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File:Afternoon Clouds over the Amazon Rainforest.jpg


English: This image reveals how the forest and the atmosphere interact to create a uniform layer of “popcorn” clouds one afternoon. During the dry season, the rainforest gets more sunlight. The plants thrive, putting out extra leaves and increasing photosynthesis. The photosynthesising plants release water vapour into the atmosphere. Water vapour is more buoyant than dry air, so it rises and eventually condenses into clouds like the popcorn clouds shown in this image. These clouds are almost certainly a result of transpiration. The clouds are distributed evenly across the forest, but no clouds formed over the Amazon River and its floodplain, where there is no tall canopy of trees. When water vapour condenses, it releases heat into the atmosphere. The heat makes the air even more buoyant, and it rises. The higher it rises, the more the air expands and cools, which allows more water vapour to condense. Eventually, thunderstorms can form. The more concentrated clusters of clouds in the image are likely thunderstorms.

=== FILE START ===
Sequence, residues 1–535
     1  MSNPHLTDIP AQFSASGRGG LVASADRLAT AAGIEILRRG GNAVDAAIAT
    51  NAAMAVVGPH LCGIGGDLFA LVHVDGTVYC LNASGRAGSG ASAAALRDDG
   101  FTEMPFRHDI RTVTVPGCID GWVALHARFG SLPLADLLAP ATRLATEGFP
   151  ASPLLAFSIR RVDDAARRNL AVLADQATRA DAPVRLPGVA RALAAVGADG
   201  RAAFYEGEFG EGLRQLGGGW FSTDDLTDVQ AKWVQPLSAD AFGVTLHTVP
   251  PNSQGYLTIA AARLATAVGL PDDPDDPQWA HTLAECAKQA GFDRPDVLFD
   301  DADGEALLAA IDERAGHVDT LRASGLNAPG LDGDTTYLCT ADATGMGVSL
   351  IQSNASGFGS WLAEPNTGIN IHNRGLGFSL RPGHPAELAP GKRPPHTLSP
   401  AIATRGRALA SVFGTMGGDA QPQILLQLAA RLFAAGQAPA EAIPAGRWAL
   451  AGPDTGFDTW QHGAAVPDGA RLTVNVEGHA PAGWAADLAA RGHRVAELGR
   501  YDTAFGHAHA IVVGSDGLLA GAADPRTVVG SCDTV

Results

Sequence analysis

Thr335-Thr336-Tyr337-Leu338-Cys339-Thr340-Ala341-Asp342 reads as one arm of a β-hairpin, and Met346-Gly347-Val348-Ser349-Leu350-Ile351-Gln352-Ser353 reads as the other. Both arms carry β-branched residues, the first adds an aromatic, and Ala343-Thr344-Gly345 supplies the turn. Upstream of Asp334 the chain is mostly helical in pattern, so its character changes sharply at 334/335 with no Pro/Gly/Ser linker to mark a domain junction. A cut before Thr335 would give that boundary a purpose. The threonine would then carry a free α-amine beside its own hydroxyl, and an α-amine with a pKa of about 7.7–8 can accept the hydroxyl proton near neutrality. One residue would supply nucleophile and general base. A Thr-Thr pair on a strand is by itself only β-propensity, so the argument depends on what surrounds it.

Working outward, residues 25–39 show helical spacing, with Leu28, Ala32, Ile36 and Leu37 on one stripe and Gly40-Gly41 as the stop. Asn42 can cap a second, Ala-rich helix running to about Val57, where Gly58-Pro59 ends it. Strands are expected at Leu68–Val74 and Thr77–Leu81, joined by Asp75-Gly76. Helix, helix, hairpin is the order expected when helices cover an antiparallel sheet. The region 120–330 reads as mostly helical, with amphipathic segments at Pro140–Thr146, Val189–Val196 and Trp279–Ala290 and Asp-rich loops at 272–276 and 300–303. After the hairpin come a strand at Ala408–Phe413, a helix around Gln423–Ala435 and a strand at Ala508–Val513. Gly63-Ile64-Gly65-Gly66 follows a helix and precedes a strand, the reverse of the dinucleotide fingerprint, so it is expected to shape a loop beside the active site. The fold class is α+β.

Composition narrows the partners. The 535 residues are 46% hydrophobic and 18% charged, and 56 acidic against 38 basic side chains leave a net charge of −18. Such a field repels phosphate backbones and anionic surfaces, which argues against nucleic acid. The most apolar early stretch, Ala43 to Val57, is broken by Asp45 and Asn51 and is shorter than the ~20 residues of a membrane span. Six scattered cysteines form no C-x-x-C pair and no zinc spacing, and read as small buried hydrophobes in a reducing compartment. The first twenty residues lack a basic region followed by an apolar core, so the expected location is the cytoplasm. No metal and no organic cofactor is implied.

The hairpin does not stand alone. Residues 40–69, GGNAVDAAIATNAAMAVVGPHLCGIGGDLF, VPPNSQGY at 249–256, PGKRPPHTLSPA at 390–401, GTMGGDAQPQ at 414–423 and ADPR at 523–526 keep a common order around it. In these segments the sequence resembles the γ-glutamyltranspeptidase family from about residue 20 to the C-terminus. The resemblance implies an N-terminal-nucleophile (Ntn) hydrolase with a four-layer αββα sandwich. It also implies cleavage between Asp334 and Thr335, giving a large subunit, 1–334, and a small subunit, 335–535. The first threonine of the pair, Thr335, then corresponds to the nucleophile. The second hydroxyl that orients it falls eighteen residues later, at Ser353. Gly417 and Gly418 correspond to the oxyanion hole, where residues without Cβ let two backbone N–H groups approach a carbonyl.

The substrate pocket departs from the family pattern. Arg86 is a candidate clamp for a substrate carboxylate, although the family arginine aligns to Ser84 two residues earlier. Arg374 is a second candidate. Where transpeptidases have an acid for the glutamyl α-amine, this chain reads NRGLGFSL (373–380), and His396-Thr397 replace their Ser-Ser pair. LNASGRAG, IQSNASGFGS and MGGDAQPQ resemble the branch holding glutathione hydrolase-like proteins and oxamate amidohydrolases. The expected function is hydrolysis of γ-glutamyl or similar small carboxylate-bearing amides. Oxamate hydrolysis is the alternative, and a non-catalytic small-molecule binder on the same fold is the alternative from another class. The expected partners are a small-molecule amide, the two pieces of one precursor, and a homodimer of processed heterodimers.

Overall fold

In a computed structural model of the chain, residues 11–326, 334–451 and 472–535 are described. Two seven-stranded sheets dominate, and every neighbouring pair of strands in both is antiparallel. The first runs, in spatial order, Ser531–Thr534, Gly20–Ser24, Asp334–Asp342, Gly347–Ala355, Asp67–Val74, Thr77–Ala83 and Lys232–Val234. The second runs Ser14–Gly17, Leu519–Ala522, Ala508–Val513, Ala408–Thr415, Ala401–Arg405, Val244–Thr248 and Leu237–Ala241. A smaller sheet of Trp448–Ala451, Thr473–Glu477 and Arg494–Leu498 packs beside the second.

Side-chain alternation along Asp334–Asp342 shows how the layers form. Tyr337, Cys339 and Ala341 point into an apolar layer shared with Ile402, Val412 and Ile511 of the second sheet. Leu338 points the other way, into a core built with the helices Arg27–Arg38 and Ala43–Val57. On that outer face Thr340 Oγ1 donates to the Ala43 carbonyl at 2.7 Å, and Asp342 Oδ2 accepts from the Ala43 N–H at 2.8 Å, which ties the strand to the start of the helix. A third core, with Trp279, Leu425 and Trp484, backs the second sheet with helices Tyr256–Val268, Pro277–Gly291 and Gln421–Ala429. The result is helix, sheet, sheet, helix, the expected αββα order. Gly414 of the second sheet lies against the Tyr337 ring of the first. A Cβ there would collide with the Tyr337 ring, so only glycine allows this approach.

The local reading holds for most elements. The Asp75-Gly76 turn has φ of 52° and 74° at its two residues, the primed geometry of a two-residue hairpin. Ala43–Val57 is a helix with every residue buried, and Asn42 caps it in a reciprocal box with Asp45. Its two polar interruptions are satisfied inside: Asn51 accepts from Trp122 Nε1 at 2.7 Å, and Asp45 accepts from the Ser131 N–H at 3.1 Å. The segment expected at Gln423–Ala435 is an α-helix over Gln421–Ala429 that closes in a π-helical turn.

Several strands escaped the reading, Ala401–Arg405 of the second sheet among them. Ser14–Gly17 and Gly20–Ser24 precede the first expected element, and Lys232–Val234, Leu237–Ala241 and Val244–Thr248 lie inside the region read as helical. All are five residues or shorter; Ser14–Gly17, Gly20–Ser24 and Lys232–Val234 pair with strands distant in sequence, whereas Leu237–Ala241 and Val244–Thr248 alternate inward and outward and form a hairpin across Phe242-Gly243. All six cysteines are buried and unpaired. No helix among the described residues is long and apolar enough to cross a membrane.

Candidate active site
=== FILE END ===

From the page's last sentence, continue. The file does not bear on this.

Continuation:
Date 26 August 2009
Source NASA Earth Observatory
Author Jeff Schmaltz

Image courtesy of the MODIS Rapid Response at NASA GSFC.


Public domain This file is in the public domain because it was solely created by NASA. NASA copyright policy states that "NASA material is not protected by copyright unless noted". (See Template:PD-USGov, NASA copyright policy page or JPL Image Use Policy.)
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